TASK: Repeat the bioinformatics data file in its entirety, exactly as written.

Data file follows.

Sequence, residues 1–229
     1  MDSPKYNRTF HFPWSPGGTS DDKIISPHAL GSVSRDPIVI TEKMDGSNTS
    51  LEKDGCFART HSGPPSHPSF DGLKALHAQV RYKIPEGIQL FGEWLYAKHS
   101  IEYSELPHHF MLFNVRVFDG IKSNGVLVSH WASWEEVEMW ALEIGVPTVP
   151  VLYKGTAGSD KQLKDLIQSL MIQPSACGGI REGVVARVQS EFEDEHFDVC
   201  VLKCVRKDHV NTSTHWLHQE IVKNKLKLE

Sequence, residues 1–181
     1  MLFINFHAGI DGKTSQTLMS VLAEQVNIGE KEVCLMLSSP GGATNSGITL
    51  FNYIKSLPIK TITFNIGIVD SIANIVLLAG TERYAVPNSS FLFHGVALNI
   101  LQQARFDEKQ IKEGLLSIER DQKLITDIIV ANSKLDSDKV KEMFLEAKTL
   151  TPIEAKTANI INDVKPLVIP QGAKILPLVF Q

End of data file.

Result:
Sequence, residues 1–229
     1  MDSPKYNRTF HFPWSPGGTS DDKIISPHAL GSVSRDPIVI TEKMDGSNTS
    51  LEKDGCFART HSGPPSHPSF DGLKALHAQV RYKIPEGIQL FGEWLYAKHS
   101  IEYSELPHHF MLFNVRVFDG IKSNGVLVSH WASWEEVEMW ALEIGVPTVP
   151  VLYKGTAGSD KQLKDLIQSL MIQPSACGGI REGVVARVQS EFEDEHFDVC
   201  VLKCVRKDHV NTSTHWLHQE IVKNKLKLE

Sequence, residues 1–181
     1  MLFINFHAGI DGKTSQTLMS VLAEQVNIGE KEVCLMLSSP GGATNSGITL
    51  FNYIKSLPIK TITFNIGIVD SIANIVLLAG TERYAVPNSS FLFHGVALNI
   101  LQQARFDEKQ IKEGLLSIER DQKLITDIIV ANSKLDSDKV KEMFLEAKTL
   151  TPIEAKTANI INDVKPLVIP QGAKILPLVF Q